Economy limping back to strength
Wednesday, November 25, 2009
The unemployment rate will remain elevated for years to come, according to a forecast released Tuesday by the Federal Reserve that addresses for the first time economic conditions at the time of the next presidential election.
It paints a grim picture. Top Fed officials expect the unemployment rate to remain in the 6.8 to 7.5 percent range at the end of 2012 and said it could take "about five or six years" from now for economic activity to return to normal. The jobless rate was 10.2 percent in October.
That sober forecast came on top of a revised government estimate also released Tuesday of economic output in the third quarter showing that the recovery got off to a slower start over the summer than previously thought.
Government efforts to prop up the economy -- including the $787 billion stimulus package passed in February, the "Cash for Clunkers" program to support auto sales this summer, and a zero interest rate policy by the Federal Reserve -- are helping. The contribution of government spending to gross domestic product in the third quarter was actually higher than originally reported, the Commerce Department said.
But so far, the impact of these efforts has not been enough to engender a strong rebound.
"It is a slow-motion recovery," said Stuart Hoffman, chief economist at PNC Financial Services Group. "It sure doesn't look like the beginning of a normal, rapid recovery."
The math is simple: The U.S. economy is capable of growing at roughly 2.5 to 3 percent a year, thanks to population growth and technological improvement, and needs to grow faster than that to create large numbers of jobs and significantly improved standards of living.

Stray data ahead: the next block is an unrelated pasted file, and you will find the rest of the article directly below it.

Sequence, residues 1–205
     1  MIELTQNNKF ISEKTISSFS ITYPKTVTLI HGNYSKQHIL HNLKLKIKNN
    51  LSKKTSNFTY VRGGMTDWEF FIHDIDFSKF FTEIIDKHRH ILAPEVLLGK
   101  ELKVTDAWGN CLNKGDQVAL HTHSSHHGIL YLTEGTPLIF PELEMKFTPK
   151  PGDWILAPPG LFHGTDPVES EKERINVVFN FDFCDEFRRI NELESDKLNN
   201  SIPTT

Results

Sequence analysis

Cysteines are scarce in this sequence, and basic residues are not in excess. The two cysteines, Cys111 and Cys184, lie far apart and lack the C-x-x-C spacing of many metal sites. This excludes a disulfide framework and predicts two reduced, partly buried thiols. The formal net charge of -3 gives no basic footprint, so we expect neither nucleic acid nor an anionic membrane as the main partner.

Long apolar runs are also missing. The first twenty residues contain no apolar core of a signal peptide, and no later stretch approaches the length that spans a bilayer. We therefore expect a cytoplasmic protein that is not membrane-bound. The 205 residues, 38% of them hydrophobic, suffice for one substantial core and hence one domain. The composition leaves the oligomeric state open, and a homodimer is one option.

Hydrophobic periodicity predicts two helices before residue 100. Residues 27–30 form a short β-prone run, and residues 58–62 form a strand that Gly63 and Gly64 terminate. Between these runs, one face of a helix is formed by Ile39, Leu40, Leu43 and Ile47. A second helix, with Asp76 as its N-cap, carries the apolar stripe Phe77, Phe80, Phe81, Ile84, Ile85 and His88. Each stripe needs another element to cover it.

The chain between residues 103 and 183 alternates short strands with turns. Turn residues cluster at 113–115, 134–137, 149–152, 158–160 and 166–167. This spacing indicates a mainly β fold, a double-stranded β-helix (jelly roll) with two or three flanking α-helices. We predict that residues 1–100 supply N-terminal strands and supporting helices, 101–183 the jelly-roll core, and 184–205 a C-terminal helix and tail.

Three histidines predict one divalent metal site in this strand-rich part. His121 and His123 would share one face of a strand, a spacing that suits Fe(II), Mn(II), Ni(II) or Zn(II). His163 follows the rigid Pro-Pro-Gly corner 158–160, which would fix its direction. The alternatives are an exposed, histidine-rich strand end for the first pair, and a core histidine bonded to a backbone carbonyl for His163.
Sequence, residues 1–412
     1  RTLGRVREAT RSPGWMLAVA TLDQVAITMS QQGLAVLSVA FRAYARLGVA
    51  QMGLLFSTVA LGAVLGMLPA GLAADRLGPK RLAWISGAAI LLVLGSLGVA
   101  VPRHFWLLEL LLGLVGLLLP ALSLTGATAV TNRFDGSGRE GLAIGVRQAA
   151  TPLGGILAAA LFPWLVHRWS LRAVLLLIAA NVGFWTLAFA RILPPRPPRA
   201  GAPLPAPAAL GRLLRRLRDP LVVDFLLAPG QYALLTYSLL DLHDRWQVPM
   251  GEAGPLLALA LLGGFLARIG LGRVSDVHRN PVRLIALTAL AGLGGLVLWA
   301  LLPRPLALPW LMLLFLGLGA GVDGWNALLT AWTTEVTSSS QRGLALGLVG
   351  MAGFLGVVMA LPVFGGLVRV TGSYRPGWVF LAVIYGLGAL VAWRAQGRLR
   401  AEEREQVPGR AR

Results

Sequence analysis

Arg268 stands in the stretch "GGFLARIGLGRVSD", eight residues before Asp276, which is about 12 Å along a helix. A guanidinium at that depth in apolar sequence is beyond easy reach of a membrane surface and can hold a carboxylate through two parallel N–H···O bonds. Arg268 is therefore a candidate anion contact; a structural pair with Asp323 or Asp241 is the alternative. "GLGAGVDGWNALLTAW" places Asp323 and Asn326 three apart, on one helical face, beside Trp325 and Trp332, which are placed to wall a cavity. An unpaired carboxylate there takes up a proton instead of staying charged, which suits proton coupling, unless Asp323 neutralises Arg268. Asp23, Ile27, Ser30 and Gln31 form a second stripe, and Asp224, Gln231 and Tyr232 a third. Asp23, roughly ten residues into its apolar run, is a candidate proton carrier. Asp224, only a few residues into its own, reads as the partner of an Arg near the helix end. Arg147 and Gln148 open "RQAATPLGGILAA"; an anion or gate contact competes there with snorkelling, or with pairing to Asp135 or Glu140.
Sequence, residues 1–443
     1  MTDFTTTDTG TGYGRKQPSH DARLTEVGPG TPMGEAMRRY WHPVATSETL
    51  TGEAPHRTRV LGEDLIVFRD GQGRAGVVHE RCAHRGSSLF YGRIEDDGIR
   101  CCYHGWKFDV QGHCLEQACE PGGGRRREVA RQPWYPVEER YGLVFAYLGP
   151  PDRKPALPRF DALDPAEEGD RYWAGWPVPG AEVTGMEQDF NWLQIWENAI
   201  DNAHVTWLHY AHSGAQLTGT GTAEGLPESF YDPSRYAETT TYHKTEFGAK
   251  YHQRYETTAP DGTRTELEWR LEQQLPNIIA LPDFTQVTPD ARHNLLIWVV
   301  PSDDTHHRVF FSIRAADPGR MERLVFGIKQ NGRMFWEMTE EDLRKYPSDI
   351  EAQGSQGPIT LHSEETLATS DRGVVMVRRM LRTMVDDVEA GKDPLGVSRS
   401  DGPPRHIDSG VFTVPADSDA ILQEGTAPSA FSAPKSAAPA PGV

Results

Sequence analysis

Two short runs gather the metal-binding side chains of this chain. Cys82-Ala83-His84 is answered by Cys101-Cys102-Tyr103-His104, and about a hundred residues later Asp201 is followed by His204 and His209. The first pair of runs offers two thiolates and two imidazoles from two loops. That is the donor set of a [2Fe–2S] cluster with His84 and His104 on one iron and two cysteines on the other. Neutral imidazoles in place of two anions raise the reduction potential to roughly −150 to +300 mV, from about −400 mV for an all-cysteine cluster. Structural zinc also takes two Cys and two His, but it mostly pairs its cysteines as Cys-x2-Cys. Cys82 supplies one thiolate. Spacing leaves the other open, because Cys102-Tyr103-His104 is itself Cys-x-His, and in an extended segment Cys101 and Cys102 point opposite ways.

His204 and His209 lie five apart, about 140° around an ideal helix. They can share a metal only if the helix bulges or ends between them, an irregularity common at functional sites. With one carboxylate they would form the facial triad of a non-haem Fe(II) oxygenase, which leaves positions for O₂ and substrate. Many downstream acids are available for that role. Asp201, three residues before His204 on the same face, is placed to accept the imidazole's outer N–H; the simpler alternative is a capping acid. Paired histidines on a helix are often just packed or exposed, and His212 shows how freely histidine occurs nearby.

Following the last recession of comparable depth for example, in 1981-82, gross domestic product growth averaged a 7.8 percent annual rate for four quarters.
In this recession, by contrast, the five current Fed governors and 12 presidents of regional Fed banks expect growth of 2.5 to 3.5 percent in 2010 -- which would be enough to bring the unemployment rate down only slightly.
"Business contacts reported that they would be cautious in their hiring and would continue to aggressively seek cost savings," said minutes of the Fed policymaking meeting earlier this month, which were released alongside the forecast. The officials "expected that businesses would be able to meet any increases in demand in the near term by raising their employees' hours and boosting productivity, thus delaying the need to add to their payrolls."
The minutes even raised the prospect that this could be a jobless recovery, with slow hiring for some time, as was the case during the past two recessions. The Fed leaders "discussed" that possibility. But they were slightly more optimistic than before, upgrading their projections for the economic growth and employment in 2010 and 2011 from the levels envisioned in June.
The officials also discussed -- and apparently dismissed -- the risk that their ultra-low interest rate policy is stoking bubbles in the markets, artificially inflating the value of stocks, gold and other assets. "While members currently saw the likelihood of such effects as relatively low, they would remain alert to these risks," the minutes said.